Q&A: A look at Cleveland’s $15 an hour minimum wage battle

CLEVELAND (AP) — Legislation that lawmakers were required to consider by a petition drive to raise the minimum wage to $15 an hour in the city was voted down by Cleveland City Council on Wednesday.

Officials from a union-backed group called Raise Up Cleveland said after the vote that it would continue the fight and hoped to get the issue on the ballot for voters to decide. The movement to raise the minimum wage appears to be gaining traction nationwide with the national Democratic Party making “Fight for $15” part of its 2016 platform.

A look at the issue as it plays out in Cleveland:



Raise Up Cleveland is backed by the Services Employee International Union, which helped organize and finance the petition drive that created the legislation rejected by City Council. The minimum wage in Ohio and Cleveland, one of the nation’s poorest cities, is $8.10 an hour. Raise Up Cleveland got a big boost at a hearing on Wednesday before City Council’s vote when AFL-CIO executive secretary Harriet Applegate, arguably northeast Ohio’s most powerful union leader, made an impassioned plea to council to put the interests of low-wage workers ahead of businesses.



Businesses, obviously, oppose the issue along with most of Cleveland’s elected officials, all of whom are Democrats. Mayor Frank Jackson and City Council President Kevin Kelley have said raising the minimum wage in Cleveland alone would have a devastating effect on the city’s fragile economic recovery. They argue it would force businesses to cut jobs or perhaps close and would discourage businesses from relocating to Cleveland.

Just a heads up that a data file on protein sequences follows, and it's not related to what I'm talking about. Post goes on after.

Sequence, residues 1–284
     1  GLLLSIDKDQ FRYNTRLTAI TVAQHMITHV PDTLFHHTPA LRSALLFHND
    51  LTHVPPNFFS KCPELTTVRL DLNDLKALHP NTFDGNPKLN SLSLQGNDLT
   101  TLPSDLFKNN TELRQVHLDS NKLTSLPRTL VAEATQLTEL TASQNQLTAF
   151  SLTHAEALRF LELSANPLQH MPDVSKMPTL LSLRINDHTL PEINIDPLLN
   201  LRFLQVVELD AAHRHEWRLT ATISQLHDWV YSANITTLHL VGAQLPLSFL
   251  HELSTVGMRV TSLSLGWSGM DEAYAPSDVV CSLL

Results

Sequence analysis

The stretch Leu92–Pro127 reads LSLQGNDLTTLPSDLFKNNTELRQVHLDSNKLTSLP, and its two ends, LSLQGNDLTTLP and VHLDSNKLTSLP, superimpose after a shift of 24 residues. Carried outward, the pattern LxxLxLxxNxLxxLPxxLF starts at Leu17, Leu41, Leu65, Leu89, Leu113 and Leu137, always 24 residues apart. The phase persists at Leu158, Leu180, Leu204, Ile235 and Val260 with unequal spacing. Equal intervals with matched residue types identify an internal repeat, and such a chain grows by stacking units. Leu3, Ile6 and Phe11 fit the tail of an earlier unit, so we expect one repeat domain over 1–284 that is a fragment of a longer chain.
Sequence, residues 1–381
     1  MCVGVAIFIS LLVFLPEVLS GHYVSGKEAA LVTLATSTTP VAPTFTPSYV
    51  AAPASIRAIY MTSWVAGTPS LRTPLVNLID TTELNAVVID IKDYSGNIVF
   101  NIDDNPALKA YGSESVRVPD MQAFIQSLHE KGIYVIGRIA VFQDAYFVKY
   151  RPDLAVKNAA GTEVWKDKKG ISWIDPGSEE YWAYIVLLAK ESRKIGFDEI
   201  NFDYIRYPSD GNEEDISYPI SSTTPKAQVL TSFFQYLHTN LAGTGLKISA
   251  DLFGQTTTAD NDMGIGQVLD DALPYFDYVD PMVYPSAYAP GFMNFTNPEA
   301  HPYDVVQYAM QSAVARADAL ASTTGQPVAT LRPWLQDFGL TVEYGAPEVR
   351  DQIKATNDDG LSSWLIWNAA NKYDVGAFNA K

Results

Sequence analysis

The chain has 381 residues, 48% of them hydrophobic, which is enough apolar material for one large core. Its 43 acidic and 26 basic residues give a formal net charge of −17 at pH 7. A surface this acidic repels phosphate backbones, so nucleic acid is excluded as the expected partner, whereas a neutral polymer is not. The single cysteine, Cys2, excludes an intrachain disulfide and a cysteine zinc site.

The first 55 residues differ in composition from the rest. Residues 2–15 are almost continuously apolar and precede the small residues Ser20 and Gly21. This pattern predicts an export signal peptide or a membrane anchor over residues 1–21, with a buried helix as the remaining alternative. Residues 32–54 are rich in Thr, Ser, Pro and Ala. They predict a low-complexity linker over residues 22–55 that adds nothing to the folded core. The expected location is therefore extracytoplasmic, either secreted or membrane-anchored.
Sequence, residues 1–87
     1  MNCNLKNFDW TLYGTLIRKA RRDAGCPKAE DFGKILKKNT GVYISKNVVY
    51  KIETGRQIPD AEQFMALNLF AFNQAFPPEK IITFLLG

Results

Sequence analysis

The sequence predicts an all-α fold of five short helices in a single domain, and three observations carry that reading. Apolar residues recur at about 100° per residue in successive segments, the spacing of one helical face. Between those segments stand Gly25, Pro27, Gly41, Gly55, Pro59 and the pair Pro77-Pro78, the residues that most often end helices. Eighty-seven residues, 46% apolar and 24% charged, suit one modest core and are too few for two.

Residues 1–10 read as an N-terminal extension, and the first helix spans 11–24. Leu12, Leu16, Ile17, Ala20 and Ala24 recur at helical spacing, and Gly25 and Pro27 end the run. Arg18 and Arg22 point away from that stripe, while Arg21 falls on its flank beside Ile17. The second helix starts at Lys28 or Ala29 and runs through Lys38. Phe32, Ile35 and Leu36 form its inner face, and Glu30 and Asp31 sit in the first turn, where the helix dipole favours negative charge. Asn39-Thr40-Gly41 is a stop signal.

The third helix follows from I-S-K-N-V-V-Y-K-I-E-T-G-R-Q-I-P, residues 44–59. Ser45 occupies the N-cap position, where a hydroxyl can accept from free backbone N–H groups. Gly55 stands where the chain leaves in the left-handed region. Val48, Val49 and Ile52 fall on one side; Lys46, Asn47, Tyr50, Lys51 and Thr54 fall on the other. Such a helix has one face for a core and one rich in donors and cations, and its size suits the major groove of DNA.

A Raise Up Cleveland spokesman says the group will talk with residents to consider its options. Its likely course of action is to try to have Cleveland voters to decide the issue. The group has already asked the Ohio Supreme Court to intervene after its efforts to force council to put the issue on the Nov. 8 ballot appear to have failed when its petitions with additional signatures required by City Charter were rejected because they were submitted prior to council’s vote on Wednesday. City Council isn’t scheduled to meet again until Sept. 12, three days after the Cuyahoga County Board of Elections deadline for submitting ballot language for the Nov. 8 election.



It might be Raise Up Cleveland’s best chance to get the issue before voters in the coming months. The City Charter specifies that with an additional 5,000 valid signatures, City Council must provide for a special election.



The likelihood is a legal fight decided by the Ohio Supreme Court, with Raise Up Cleveland and its supporters on one side and the city of Cleveland and state of Ohio on the other. The Ohio Attorney General’s Office has already issued an opinion that municipalities lack the authority to set minimum wage different from what’s prescribed in state law. The opinion signed by Attorney General Mike DeWine, however, has no force of law.